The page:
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Background Paper on Investment Incentives: The good, the bad and the ugly: Assessing the costs, benefits and options for policy reform

Lise Johnson; Perrine Toledano; Ilan Strauss; Sebastian James

Title:
Background Paper on Investment Incentives: The good, the bad and the ugly: Assessing the costs, benefits and options for policy reform
Author(s):
Johnson, Lise
Toledano, Perrine
Strauss, Ilan
James, Sebastian
Date:
Type:
Reports
Department(s):
Law
Persistent URL:
Notes:
Prepared for the Eighth Columbia International Investment Conference, November 2013.
Publisher:
Vale Columbia Center on Sustainable International Investment
Publisher Location:
New York
Abstract:
Recent decades have seen a dramatic rise in an array of costly government incentives used to attract FDI. Yet while use of incentives by both national and sub-national governments around the world is ubiquitous, with few exceptions little is known about their prevalence, distribution, effectiveness and impacts. For the most part, the use of investment incentives has thus far escaped systematic monitoring, reporting, analysis and regulation. But this may be changing. Certain types of incentives—especially fiscal, financial and regulatory—have increasingly been discouraged by international organizations and experts as they are costly, potentially harmful to sustainable development, and often economically inefficient, resulting in increased inequality rather than inclusive growth. Moreover, it is widely acknowledged that companies may seek—and governments may offer—incentives beyond those that may be needed to attract an investment. Other aspects of incentive packages (such as public investments in infrastructure and/or training) may be more effective but under-utilized. Given the potentially large costs and benefits of investments and investment incentives for countries, this background paper, prepared for the VCC Conference on the same topic on November 13-14, 2013, aims to advance our understanding about the role that incentives have played in attracting and retaining foreign direct investment; the policy rationales supporting or discouraging various types of incentives; the strategies that may be more effective at achieving the objectives of host governments; and the potential for future coordinated action on these issues.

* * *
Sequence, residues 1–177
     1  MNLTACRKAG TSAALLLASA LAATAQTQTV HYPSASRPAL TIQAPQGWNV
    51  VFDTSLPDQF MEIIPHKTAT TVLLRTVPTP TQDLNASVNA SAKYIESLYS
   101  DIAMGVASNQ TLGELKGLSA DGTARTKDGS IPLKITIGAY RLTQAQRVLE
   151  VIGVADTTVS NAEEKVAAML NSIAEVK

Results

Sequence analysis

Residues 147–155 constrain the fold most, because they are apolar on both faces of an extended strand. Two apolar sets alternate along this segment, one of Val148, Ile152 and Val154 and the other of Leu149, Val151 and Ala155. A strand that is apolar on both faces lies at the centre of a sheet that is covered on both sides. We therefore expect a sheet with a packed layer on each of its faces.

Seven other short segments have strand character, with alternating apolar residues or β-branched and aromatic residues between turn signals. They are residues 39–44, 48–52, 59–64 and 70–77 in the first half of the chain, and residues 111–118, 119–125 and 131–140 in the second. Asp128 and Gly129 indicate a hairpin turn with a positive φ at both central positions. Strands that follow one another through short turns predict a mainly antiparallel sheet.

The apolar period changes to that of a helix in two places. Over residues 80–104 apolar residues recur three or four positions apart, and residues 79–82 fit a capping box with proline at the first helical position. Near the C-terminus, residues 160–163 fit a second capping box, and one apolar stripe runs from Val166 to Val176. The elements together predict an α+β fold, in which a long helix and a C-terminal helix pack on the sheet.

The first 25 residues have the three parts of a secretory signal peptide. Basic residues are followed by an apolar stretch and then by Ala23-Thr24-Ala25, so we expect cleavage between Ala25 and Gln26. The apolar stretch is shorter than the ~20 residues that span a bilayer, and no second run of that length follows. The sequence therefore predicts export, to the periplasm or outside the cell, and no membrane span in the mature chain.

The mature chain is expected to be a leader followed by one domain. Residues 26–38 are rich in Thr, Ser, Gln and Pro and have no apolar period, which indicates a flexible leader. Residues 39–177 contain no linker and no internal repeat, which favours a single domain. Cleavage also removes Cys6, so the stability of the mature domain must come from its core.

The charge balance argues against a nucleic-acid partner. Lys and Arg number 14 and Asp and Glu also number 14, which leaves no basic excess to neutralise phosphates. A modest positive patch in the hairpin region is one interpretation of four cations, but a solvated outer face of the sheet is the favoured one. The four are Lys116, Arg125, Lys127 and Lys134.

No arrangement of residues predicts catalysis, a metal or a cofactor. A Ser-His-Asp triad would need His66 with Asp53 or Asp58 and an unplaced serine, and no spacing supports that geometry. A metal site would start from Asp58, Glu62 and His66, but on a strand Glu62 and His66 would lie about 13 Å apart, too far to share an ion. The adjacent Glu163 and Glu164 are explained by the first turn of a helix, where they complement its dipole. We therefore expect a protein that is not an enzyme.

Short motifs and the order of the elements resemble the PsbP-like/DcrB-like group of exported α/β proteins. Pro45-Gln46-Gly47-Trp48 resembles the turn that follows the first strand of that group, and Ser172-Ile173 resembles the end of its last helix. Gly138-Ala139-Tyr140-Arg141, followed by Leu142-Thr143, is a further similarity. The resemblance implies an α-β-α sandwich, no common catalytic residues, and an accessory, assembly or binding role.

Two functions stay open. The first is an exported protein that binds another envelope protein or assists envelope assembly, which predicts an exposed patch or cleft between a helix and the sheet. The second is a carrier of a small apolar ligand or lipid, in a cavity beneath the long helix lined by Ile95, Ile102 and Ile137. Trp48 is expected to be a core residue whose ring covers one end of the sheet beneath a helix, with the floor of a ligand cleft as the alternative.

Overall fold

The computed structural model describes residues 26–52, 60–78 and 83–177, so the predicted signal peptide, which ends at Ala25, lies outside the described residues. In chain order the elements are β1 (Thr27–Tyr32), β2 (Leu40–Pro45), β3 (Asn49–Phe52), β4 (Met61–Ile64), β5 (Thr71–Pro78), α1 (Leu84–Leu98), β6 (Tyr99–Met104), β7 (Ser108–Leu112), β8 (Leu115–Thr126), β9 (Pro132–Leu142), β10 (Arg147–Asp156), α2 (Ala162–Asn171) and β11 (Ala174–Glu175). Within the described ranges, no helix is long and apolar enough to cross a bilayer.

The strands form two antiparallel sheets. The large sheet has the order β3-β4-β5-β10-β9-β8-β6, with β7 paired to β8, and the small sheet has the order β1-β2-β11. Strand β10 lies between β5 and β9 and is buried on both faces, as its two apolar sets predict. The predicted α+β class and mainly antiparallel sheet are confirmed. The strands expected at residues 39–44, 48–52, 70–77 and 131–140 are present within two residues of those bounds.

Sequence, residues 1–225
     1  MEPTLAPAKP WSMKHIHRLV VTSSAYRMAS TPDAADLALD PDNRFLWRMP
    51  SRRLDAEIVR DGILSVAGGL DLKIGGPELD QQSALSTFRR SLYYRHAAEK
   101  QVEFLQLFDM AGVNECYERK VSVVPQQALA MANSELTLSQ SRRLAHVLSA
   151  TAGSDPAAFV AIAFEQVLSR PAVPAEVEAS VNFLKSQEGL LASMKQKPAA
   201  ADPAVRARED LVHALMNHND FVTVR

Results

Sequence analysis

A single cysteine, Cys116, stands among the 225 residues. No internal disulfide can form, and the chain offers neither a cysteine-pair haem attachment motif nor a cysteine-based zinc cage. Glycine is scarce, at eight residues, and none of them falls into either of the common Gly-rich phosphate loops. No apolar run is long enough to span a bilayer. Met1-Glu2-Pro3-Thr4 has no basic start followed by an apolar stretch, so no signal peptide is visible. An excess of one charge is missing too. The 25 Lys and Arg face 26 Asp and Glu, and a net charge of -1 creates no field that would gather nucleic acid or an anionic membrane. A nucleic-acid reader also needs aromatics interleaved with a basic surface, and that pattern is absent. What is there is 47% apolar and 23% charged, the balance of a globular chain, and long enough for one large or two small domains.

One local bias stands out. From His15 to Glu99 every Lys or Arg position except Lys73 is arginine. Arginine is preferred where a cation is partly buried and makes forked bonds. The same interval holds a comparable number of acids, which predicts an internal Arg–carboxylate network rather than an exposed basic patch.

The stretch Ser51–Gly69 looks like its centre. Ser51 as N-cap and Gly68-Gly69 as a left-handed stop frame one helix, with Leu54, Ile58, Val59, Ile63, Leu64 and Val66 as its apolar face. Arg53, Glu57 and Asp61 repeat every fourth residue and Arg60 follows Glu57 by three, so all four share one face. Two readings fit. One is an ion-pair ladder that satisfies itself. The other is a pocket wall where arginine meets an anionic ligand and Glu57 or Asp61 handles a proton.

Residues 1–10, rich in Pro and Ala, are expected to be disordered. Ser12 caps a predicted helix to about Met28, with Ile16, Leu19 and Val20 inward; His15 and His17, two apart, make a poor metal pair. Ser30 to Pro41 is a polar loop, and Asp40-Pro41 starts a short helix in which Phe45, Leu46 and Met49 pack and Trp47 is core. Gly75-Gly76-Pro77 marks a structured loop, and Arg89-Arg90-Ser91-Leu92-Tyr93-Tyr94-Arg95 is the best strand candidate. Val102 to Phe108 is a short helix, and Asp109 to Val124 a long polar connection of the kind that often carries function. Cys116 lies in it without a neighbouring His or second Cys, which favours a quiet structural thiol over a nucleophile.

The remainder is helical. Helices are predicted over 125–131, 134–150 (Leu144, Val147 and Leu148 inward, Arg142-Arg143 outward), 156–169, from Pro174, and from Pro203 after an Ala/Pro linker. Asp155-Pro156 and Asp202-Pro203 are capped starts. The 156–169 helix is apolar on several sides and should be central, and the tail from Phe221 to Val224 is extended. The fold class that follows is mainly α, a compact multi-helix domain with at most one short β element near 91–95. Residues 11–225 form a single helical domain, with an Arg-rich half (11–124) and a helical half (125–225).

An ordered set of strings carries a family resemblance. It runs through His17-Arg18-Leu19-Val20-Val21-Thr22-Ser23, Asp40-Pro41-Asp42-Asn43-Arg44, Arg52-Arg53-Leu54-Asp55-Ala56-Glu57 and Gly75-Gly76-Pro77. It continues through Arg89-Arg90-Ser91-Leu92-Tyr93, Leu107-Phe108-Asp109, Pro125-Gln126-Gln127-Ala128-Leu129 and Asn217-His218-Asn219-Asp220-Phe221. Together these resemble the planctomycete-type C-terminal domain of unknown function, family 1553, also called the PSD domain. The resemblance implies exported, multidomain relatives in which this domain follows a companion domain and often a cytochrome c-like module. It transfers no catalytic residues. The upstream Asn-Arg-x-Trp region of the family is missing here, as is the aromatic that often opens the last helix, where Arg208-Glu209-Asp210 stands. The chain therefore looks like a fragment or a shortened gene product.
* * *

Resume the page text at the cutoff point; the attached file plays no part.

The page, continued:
Subject(s):
Investments, Foreign
Law and economics
Economics
World Trade Organization
Item views
684
Metadata:
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Suggested Citation:
Lise Johnson, Perrine Toledano, Ilan Strauss, Sebastian James, , Background Paper on Investment Incentives: The good, the bad and the ugly: Assessing the costs, benefits and options for policy reform, Columbia University Academic Commons, .

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